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I'm sure a ton of people have asked, but I can't seem to find any threads about it here. Anyway, I want to take the plunge into pneumatics. I found an air compressor on eBay. It is a 12V 300 PSI portable air compressor. Also referred to as a tire inflator. I'm sure it has some use in pnuematics, but I'm also sure it has its limitations. Since I'm new to haunting with air (in the process of reading the tutorial on Phantasmechanics) I don't plan on doing much more than simple pop-ups. Also, I can't afford expensive relays and controllers and that sort of stuff. I plan on using scrap material for armatures and frames. Anybody use these comressors before? Should I save my $6? Thanks.
 

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Keeper of Spider Hill
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Do you have a picture of the compressor ? I do not believe that those "tire inflators" have any sort of storage tank or air reserve. I do not believe they are going to provide enough on demand air to do you much good otherwise. Your pop-up will be more of a "creep-up" Personally, I'd save my money and buy something with a tank on it. Even a smaller tank (5 gal) will give you enough reserve air to run basic props with ease. The larger the tank, the less it should have to run as well. This will also depend on what type of props you are running, and how much air each requires. You can never have too much air availible IMO. :)
 

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Hauntless
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Plus, when you have a tank you'll be able to branch out, which I guarantee you'll want to after you see how effective pneumatic props are for your haunt.

I was concerned though for the noise of it running. Well, my problem was easily solved. I found a way to run an airline from the basement to the haunt (in the garage). After making sure I had an outlet that could handle the amps, it was effortless. I could care less how much the compressor ran 'cause I couldn't hear it anyway. :)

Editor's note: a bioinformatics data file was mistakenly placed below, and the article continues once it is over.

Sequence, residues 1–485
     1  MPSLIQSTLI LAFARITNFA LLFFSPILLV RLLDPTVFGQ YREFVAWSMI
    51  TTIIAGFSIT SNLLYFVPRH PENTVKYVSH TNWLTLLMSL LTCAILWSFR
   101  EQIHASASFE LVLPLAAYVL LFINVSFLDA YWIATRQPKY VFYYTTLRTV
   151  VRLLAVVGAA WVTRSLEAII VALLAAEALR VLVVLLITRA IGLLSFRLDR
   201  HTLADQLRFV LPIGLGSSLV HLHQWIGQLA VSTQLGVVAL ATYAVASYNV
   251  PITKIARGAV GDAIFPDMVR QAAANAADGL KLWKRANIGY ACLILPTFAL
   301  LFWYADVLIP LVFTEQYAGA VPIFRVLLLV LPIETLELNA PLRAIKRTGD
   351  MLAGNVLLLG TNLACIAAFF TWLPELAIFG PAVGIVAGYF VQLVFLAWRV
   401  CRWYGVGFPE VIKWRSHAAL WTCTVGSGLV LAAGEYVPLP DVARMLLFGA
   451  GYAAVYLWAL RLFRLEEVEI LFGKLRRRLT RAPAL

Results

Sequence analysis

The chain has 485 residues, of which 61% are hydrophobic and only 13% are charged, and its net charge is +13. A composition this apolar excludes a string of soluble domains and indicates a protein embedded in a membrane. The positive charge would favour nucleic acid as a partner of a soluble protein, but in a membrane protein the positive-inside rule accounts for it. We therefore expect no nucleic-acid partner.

This is what I bought and am very happy with it. $200 at Sears:

 

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Keeper of Spider Hill
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From here on in to Christmas is a great time to buy. A lot of the big box stores will start putting specials out there with compressors and other big items. Sometimes you can make a good deal on a package that will include some air tools with the compressor which would be great for building more props. :D
 

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Going bump in the night..
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Personally, I'd recommend purchasing a compressor with a tank - you'll find more reasons than I'd care to try to list to use it around your house, let alone for Halloween props.

However, if you do go with the tire inflator, you'll want a storage tank for that air.
Here's an example of something you could use:
10 gallon air tank

I've seen threads in the past discussing used propane tanks for compressed air tanks as well.